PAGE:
Porter’s 5 forces model is an analytical methodology to investigate opportunities and threats in a given industry.
In other words, this model investigates whether it is profitable to create a company in a certain sector. This, depending on the structure of the market.
Each of the 5 Porter’s forces is a factor that influences the ability to profit and they are as follows:
- Current competition intensity.
- Potential competitors.
- Substitute products.
- Bargaining power of suppliers.
- Bargaining power of customers.
All of this is developed in the book “Competitive Strategy: Techniques for Analyzing Industries and Competitors” by Michael E. Porter, published in 1982. porter’s 5 forces
The main objective of this analysis is to look for opportunities and identify threats for companies already located in an industry and for those that plan to enter. Thus, your ability to make a profit is determined.
According to this model, the degree of attractiveness of an industry is determined by the action of these five basic competitive forces that, taken together, define the possibility of obtaining higher returns.
In this sense, Porter’s analysis can be performed for any market with the idea of improving long-term profitability. In addition, it allows increasing resistance to unforeseen situations. An example of the above would be that our company is affected as little as possible when an economic recession occurs .
1. Intensity of current competition
It refers to the performance of existing competitors in the industry, and is decisive to know if the rivalry is high or low. For this, each of the following points must be studied: porter’s 5 forces
- Number of competitors and balance between them: Concentrated industries (few companies and a lot of market share) have a lower level of competition, compared to fragmented ones (many companies with a homogeneous market share).
- Industry growth rate: As the expansion of an industry increases, so does the intensity of competition.
- Mobility barriers: These are those obstacles that prevent companies from moving from one segment to another, within the same market. We refer, for example, to moving from one customer niche to one with higher income.
- Exit barriers : These are factors that prevent the abandonment of a sector.
- Product differentiation: To the extent that an industry has a higher level of product differentiation (marketing strategy based on creating a perception of the product by the consumer that clearly differentiates it from others), the intensity of competition is reduced.
- Diversity of competitors: When competitors have different strategies (see business strategies ), the level of competition intensifies, as it is more difficult to predict their behavior.
2. Potential competitors
It refers to companies that want to compete in an industry. The more attractive a sector is, the more potential participants there will be. This depends on the following factors: porter’s 5 forces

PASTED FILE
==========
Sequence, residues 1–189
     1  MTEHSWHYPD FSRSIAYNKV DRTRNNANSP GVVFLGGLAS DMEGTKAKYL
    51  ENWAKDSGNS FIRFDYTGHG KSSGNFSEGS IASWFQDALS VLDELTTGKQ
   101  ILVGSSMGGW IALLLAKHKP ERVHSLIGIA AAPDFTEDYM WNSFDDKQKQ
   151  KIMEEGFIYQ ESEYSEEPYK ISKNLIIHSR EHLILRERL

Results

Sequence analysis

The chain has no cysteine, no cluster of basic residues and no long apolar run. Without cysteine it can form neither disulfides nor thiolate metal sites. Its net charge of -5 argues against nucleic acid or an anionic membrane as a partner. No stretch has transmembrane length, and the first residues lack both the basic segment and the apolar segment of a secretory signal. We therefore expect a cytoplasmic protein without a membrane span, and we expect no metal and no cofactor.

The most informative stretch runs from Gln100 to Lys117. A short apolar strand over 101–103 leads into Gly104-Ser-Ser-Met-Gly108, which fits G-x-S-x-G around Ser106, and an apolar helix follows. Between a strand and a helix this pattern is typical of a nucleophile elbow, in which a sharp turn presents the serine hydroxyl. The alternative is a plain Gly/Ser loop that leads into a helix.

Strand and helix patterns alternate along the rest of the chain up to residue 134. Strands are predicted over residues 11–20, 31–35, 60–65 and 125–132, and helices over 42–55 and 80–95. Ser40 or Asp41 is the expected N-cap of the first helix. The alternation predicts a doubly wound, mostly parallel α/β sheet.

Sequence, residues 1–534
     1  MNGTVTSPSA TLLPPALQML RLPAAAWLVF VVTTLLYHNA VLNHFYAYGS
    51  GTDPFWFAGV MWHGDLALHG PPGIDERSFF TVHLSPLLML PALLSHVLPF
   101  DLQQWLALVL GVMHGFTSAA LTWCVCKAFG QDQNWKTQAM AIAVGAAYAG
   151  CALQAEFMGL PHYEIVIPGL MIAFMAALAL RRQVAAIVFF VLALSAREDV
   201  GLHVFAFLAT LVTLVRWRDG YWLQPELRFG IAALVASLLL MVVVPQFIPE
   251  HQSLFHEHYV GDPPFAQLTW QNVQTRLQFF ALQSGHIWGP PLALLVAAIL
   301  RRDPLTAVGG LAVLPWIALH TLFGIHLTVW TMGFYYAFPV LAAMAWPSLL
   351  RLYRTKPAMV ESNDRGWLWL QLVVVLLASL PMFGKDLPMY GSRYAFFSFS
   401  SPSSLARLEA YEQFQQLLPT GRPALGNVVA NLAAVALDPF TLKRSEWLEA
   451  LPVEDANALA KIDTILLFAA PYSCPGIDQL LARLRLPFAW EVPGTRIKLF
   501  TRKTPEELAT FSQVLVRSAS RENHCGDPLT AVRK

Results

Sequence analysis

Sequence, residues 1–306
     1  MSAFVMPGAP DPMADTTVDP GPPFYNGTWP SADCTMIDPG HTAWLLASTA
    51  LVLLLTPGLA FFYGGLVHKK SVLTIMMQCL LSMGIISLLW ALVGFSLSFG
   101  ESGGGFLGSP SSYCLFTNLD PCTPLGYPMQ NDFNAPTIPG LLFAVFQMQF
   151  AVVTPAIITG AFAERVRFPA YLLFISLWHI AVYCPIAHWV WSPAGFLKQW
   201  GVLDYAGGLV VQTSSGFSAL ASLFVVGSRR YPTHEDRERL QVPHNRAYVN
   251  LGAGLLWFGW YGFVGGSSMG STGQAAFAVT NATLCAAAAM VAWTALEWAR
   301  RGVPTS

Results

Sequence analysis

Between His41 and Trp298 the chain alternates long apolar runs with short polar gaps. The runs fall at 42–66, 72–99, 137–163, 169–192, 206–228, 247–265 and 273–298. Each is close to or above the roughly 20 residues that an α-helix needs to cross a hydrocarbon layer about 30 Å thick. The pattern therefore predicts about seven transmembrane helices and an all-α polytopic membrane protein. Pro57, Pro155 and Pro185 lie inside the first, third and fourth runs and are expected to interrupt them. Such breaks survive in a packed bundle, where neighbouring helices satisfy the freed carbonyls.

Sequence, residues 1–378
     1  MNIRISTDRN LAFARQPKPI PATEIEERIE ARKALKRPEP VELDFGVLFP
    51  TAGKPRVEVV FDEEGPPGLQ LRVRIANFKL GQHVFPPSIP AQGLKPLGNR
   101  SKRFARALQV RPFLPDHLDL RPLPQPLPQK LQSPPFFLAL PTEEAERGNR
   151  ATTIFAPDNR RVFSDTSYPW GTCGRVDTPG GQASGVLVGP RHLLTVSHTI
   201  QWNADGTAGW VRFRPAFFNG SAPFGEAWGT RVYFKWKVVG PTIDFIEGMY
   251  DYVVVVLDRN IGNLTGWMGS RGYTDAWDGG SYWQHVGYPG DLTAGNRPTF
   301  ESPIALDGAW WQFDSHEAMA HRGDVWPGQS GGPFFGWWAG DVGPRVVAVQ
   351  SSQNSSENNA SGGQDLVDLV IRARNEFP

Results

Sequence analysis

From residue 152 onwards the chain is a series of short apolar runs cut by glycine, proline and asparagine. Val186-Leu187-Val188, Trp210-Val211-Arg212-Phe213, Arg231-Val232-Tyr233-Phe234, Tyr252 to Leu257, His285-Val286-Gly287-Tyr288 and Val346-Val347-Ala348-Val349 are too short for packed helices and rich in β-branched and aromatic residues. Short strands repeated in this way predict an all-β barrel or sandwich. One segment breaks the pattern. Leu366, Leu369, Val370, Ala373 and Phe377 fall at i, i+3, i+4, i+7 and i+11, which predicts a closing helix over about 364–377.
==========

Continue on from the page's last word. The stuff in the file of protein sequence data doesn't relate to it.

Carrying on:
- Entry barriers : We can define them as those factors that make it difficult for new companies to enter the industry.
For example, economies of scale represent a barrier to entry because they require the new competitor to make a high initial investment. Then, a reduction in unit costs will be observed only as the volume of business increases.
- Product differentiation: Established companies may have patents or a client portfolio. This forces new competitors to make large investments to retain new buyers.
- Other reasons: Situations may be observed that make it difficult for new competitors to enter. These are, for example, lack of financing or difficult access to distribution channels.
3. Substitute products
They are defined as those goods or services that satisfy the same needs. As more substitute products appear, the attractiveness of the industry begins to decrease. porter’s 5 forces
The threat of the emergence of these substitute goods depends on the degree to which they satisfy the needs of consumers. In addition, it influences the price and costs of exchanging one merchandise for another.
4 and 5. Bargaining power of suppliers and customers
Porter’s strength 4 is the power of negotiation with suppliers and 5, the power of negotiation with customers . However, as the analysis of both forces is very similar, they are often studied together.
The bargaining power is the ability to impose conditions on transactions. Thus, as this dominance is greater on the part of buyers, the attractiveness of the industry decreases. porter’s 5 forces
According to Porter, the most important factors affecting bargaining power are the following:
- Degree of concentration in the industry.
- Volume of transactions between customer and supplier.
- Degree of differentiation of products or services.
- Provider change costs.
- Level of benefits obtained by the customer from the supplier.
- Real threat of vertical integration forwards or backwards.
- Importance of the product or service sold.
- Possibility of storing the merchandise.
- Level of information that one of the parties has in relation to the other.